Conservation Easements in Georgia

A conservation easement is a legally binding agreement between a property owner and a second party (the easement holder) that restricts the type and amount of development and use that may take place on the property. This site contains information on the use of easements in Georgia, their benefits and effectiveness. Links to transferable development rights and conservation subdivisions can also be found here.

Conservation Subdivisions in Georgia
Traditional subdivisions consist of large tracts of land that are subdivided in a grid maximizing the number of plots according to density allowed under the zoning ordinance. This design ignores important geographical and ecological features of the landscape that may be critical to the protection of water quality and devours green space. Conservation subdivision design, on the other hand, preserves a certain percentage of the land as green space while maintaining the same density of houses (neutral density). This is accomplished by clustering homes in pleasant neighborhoods that are surrounded by aesthetically and ecologically important preserved areas. The design process examines and sets aside conservation areas before selecting roads and house sites. These conservation areas are protected in perpetuity by a conservation easement.

This online Conservation Planning Tool is designed to provide web-based conservation assistance to help landowners on the urban fringe understand the importance of their land in preserving their local rural heritage, local water quality and water supplies, and wildlife habitat.

A cooperative effort being piloted in central Tennessee, this planning tool provides case studies of local landowners who are implementing land conservation practices and best management practices. It highlights farmland preservation strategies, provides online tutorials, fact sheets and an email link for requesting technical assistance.

The feed-back e-mail system monitored by the Southeast Watershed Forum staff will direct requests for assistance to the appropriate program partner; the Land Trust for Tennessee, Harpeth River Watershed Association, Williamson County Soil and Water Conservation District, NRCS staff, or the Extension office.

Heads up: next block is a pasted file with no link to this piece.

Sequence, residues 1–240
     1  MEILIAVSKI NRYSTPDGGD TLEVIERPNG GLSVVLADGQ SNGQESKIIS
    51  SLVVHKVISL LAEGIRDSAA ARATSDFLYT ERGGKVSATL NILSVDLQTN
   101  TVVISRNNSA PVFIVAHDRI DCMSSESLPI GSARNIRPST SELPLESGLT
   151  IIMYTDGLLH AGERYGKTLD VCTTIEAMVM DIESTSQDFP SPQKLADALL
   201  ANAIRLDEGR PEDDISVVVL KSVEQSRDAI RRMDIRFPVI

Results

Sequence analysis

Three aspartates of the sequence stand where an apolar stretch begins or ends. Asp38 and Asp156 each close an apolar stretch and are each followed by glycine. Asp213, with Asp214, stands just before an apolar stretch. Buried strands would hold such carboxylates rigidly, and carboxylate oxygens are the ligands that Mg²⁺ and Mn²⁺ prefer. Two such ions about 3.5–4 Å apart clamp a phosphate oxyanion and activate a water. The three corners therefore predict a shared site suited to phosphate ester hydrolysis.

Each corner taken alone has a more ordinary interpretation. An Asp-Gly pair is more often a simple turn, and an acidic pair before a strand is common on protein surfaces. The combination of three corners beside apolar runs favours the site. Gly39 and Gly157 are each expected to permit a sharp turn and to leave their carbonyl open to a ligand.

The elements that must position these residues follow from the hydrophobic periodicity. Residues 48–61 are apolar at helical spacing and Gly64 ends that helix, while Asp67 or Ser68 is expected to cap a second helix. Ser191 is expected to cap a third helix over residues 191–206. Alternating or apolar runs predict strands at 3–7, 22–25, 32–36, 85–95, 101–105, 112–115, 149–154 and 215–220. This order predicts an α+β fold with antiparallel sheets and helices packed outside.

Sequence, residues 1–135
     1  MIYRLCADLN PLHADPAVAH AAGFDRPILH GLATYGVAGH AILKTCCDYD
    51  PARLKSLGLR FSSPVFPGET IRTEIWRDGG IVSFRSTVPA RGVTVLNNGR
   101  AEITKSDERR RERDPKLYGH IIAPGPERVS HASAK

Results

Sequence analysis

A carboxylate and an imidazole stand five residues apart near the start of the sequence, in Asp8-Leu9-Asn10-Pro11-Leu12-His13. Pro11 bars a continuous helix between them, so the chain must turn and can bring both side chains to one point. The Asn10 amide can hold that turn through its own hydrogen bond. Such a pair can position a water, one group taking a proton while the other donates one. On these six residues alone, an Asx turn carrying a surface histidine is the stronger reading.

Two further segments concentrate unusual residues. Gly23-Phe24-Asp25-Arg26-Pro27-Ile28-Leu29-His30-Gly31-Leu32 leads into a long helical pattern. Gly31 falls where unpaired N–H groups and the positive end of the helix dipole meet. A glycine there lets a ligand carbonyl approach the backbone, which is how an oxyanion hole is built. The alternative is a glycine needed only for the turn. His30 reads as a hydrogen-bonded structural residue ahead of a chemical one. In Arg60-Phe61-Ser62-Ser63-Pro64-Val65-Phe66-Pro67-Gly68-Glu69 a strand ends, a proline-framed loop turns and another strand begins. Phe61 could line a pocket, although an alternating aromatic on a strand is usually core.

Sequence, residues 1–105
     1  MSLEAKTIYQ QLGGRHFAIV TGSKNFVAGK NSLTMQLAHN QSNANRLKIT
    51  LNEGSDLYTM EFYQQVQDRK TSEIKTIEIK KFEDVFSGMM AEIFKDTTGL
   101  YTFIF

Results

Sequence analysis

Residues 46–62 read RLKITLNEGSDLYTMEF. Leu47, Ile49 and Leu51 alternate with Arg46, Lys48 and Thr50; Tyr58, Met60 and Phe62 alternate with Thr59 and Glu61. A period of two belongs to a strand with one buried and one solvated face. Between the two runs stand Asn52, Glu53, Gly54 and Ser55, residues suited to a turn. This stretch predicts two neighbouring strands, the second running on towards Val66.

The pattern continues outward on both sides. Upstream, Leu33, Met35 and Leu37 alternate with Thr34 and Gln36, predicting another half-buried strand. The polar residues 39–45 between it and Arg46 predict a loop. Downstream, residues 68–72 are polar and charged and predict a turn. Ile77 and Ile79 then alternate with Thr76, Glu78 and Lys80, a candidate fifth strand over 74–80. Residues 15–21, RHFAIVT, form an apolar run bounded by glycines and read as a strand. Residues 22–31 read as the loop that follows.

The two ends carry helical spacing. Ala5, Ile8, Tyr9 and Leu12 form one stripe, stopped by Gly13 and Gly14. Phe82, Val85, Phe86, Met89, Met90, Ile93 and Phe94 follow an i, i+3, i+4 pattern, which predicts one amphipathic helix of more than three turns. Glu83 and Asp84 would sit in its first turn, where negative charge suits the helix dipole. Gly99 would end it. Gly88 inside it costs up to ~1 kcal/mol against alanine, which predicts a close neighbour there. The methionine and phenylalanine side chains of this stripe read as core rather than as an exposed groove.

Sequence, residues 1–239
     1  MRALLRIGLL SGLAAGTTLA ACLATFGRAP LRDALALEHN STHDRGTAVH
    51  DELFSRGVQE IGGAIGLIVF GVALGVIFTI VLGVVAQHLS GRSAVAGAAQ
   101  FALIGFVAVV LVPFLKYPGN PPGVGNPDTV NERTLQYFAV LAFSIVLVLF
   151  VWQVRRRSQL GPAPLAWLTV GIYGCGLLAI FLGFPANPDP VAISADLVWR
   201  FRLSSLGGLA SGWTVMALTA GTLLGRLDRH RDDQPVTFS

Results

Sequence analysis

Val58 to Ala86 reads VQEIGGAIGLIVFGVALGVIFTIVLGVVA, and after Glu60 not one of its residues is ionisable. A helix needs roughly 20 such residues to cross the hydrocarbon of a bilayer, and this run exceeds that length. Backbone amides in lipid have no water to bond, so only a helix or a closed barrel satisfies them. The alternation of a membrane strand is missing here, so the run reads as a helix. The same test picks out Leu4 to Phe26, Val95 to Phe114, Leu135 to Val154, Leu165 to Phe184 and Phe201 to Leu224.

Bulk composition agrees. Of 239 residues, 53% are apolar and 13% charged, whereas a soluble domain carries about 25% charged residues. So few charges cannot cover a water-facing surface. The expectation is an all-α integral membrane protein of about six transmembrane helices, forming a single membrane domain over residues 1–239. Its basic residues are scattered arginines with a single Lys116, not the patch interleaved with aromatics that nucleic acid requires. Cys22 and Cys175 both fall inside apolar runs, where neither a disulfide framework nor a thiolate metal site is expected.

It is hoped that this user-friendly web-based tool will encourage farmland preservation on the urban fringe and encourage installation of best management practices to maintain and improve local water quality and quality of life. It is hoped that this pilot will be expanded regionally to serve other counties facing similar threats to their rural heritage.

Delta Farmers Advocating Resource Management
Delta Farmers Advocating Resource Management (Delta F.A.R.M.) began in 1998 through the combined efforts of producers, sponsors, and partner agencies, to assist farmers and landowners in the implementation of Best Management Practices (BMPs) in the Northwest Mississippi Delta region.  The program aims to conserve water and reduce nonpoint source pollution from agriculture and to conserve, restore, and enhance the environment of the Yazoo-Mississippi Delta.  Delta F.A.R.M. provides its members with technical information on conservation practices and promotes the members’ current conservation efforts.

Drought proofing your well - Florida
Drought-proof your well -- explains where your well water comes from, how drought conditions lower groundwater levels and what you can do to keep your well from running dry in times of drought

Economics of Unplanned Growth: Cost of Community Services Study - Cindy Haygood

Southeast and Tennessee Watershed Roundtable Presentation, 2004

In 2001, the Rolling Hills Resource Conservation and Development Council began working with Carroll County, Georgia to establish a farmland protection initiative. The Carroll County Farmland and Rural Preservation Partnership was formed as a partnership between the RC&D Council, the Cooperative Extension Service, and Farm Bureau. The first project adopted by the Partnership was the funding of a Cost of Community Services study.

Full Abstract

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Endangered by Sprawl